1. The above first appeal arising in execution proceedings raises an Interesting point under Sections 2 and 3 of the Partition Act, 1893.
2. Under the decree for partition, passed in Special Civil Suit No. 277 of 1972, among the respondents, it was found that it was not possible to partition the property; and hence an application was made on Jan. 9, 1976 for sale of the property under Section 2 of the Partition Act, 1893.
3. The property is house property bearing No. 541 situated at Raviwar Peth In Pune, On the application made by the plaintiff-decree-holder (Ex. 68), an order was passed on Dec. 4, 1976 to hold the sale by public auction of the suit property under Section 2 of the Partition Act, 1893. The sale was held on March 30. 1977 and the appellant happened to be the highest bidder at the said sale.
4. In the meanwhile, on Jan. 7, 1977, defendants 1 and 2, who are respondents Nos. 2 and 6 in the above first appeal, made an application under Section 3 of the Partition Act, 1893; applying for leave of the Court to buy at a valuation the share or shares of the party or parties asking for a sale.
5. The said application was resisted by the plaintiff-decree-holder by contending that the application was not maintainable and was filed In order to protract the proceedings.
6. The learned Second Joint Civil Judge has tried to explain the circumstances in which the present application came to be placed for hearing before him after the auction sale was held. After hearing the plaintiff and the auction purchaser, the learned Judge, by his judgment and order dated Sept, 2, 1977, re-fused to confirm the sale held by the Commissioner, because he allowed the application under Section 3 of the Partition Act, 1893. The said decision is challenged in the above first appeal by the auction purchaser,
7. Mr. Gupte, the learned counsel appearing for the auction purchaser, contended that the learned Second Joint Civil Judge erred in law in holding that the hearing of the application under Section 3 made in the present case was tenable after the Court had ordered sale under Section 2 of the Partition Act, 1893 on Dec, 4, 1976.
8. In support of his above argument, Mr. Gupte relied on the decision of the Madras High Court in Angamuthu Muda-liar v. Ratna Mudaliar, AIR 1925 Mad 1234, where it was laid down by Kumara-swami Sastri and Krishnan, JJ. that the proper time to apply under Section 3 of the Partition Act, 1893 is before a Court makes an order under Section 2. So, according to Mr. Gupte, when under Section 2 sale has been ordered, a sharer cannot apply to have property sold to him at valuation fixed by the Court.
9. The learned Second Joint Civil Judge has cited a number of authorities in support of the view he has taken, and particularly the decision of the Madras High Court, subsequent to the above decision, in Vardaraja v. Chennai Veeri, : AIR1970Mad106 , where a view appears to have been taken that the application under Section 3 could be made at any time before the sale is held, although it is not clear whether they mean by 'the sale is held', 'the sale is confirmed', as Section 7 of the Partition Act requires the sale to be held in accordance with the procedure of the Court, and that procedure requires the sale to be confirmed before the sale can transfer the property so as to entitle the auction purchaser to possession oi the property.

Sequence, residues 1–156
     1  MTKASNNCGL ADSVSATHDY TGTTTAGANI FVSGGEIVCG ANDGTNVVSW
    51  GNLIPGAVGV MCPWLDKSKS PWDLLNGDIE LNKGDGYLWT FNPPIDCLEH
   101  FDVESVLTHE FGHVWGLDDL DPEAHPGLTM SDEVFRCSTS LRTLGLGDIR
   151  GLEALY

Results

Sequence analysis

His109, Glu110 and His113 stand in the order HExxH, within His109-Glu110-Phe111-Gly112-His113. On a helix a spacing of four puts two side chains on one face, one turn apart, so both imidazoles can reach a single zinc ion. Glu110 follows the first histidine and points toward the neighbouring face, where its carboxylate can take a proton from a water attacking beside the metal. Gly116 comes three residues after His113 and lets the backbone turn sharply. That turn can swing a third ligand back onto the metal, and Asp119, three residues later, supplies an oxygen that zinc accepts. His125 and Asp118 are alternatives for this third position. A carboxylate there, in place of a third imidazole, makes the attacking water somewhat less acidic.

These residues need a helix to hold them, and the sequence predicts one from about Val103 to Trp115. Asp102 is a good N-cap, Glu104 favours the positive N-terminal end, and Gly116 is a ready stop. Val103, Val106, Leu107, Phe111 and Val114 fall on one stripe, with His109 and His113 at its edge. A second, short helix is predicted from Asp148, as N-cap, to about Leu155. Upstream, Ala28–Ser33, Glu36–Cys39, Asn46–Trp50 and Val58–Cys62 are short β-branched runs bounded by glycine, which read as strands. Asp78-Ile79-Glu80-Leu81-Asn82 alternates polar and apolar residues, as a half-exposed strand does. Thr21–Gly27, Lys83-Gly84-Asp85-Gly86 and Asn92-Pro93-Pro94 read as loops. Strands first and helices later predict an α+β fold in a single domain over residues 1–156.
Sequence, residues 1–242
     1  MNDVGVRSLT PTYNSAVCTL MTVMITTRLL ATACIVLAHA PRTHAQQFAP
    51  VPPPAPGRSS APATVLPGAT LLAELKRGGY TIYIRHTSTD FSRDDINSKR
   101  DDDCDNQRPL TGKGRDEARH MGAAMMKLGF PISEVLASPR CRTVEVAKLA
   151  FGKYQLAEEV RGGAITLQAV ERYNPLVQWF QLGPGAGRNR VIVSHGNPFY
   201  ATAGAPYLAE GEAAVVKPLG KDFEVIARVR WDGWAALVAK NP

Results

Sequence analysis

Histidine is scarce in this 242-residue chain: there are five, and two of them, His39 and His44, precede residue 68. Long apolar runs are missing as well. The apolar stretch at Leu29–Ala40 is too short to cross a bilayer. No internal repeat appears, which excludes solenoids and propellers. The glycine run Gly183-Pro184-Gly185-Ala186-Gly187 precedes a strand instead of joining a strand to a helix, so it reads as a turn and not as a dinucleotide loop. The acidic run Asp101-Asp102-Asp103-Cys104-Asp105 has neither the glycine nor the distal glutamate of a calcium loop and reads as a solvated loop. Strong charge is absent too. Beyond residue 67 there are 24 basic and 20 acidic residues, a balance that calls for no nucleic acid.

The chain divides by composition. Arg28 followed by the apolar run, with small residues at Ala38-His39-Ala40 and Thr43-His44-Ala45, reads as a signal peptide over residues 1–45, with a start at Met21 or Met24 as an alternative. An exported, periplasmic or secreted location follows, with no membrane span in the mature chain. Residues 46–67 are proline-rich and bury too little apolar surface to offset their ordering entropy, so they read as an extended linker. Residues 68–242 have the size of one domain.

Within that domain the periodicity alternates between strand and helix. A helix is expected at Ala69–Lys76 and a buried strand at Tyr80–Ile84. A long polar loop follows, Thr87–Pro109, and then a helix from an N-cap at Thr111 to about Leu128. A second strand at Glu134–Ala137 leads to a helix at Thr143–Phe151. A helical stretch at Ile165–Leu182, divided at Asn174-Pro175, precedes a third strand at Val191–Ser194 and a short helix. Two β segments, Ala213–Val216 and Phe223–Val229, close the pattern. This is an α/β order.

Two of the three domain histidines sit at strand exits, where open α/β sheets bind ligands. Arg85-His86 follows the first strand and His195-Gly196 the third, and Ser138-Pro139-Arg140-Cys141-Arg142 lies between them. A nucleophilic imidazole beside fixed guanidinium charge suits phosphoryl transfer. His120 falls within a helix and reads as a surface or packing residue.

10. Mr. Gupte further submitted that any order for sale made by the Court under Section 2 of the Partition Act is to be deemed to be a decree within the meaning of Section 2 of the Civil P. C., under Section 8 of the Partition Act, 1893. He, therefore, submitted that once an order for sale under Section 2 was made, the learned Second Joint Civil Judge could not make any other order so as to vary it or to nullify it, as has been done in the present case, by ordering a sale under Section 3 of the Act.
11. The material Sections 2 and 3 of the Partition Act, 1893 run as follows:--
'2. Whenever in any suit for partition En which, if instituted prior to the commencement of this Act, a decree for partition might have been made, it appears to the Court that, by reason of the nature of the property to which the suit relates, or of the number of the shareholders therein, or of any other special circumstances, a division of the property cannot reasonably or conveniently be made, and that a sale of the property and distribution of the proceeds would be more beneficial for all the shareholders, the Court may, if it thinks fit, on the request of any of such shareholders interested individually or collectively to the extent of one moiety or upwards, direct a sale of the property and a distribution of the proceeds.'
'3. (1) If, in any case in which the Court is requested under the last foregoing section to direct a sale, any other shareholder applies for leave to buy at a valuation the share or shares of the party or parties asking for a sale, the Court shall order a valuation of the share or shares in such manner as it may think fit and offer to sell the same to such shareholder at the price so ascertained, and may give all necessary and proper directions in that behalf.
(2) If two or more shareholders severally apply for leave to buy as provided in Sub-section (1), the Court shall order a sale of the share or shares to the shareholder who offers to pay the highest price above the valuation made by the Court.
(3) If no such shareholder is willing to buy such share or shares at the price so ascertained, the applicant or applicants shall be liable to pay all costs of or incident to the application or applications.'